The Hollowing Out Effect

THE digital revolution offers great advantages but it also threatens the jobs of low and mid-skilled workers. As computers become smarter, so too must humans

Ronald McKinnon has died

Originally aimed at explaining disparities in economic development, the term has come back in vogue in recent years to describe many of the policy responses to the financial crisis and ensuing recession.

The right kind of interventionism

AMERICA’S economy is finally beginning to feel like it is picking up pace. According to figures published today by the Bureau of Labour Statistics, total employment in America increased by 248,000 in September, driven by big jumps in professional services, retail and healthcare. The unemployment rate dropped below 6% for the first time since 2008. Jobs growth figures for August and July were also revised up by 69,000, suggesting the economy was not as weak in those months as previously thought.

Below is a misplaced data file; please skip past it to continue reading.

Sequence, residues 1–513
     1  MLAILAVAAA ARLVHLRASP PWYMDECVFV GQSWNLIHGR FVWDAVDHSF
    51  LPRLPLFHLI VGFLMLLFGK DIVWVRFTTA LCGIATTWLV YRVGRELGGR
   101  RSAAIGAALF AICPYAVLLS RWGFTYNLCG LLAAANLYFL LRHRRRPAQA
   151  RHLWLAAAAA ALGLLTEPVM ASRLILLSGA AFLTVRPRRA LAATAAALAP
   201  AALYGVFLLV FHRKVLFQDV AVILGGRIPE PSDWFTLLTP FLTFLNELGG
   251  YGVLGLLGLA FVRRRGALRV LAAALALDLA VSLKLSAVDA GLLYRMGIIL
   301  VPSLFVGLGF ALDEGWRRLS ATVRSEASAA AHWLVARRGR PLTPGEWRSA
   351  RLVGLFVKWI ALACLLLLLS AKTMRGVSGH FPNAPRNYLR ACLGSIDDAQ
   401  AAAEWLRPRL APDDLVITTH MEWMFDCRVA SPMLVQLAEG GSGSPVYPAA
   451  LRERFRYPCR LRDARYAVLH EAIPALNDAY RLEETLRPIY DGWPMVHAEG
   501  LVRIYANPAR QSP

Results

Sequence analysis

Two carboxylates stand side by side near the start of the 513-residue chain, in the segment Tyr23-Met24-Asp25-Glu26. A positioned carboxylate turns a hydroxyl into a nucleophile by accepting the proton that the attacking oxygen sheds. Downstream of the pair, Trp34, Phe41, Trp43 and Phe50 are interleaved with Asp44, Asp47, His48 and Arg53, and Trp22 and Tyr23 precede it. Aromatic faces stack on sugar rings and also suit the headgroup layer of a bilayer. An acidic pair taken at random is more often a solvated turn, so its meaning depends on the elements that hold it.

Not spluttering any more

Rwanda is a better place to do business than France, a country with a per-capita GDP about 61 times higher. Another  report from the bank shows that of the 20 economies worldwide making the most progress in improving business regulation, nine are in SSA. But on the whole the picture is gloomy. The average ranking for SSA countries is considerably lower than that of the rest of the world (see chart). Some do very badly, taking up 19 out of the bottom 24 countries in the list.  Average ranking in "Doing Business" report (Source: World Bank) What can be done to improve the situation? A new paper from the Centre for Global Development, a think tank, has one interesting suggestion:...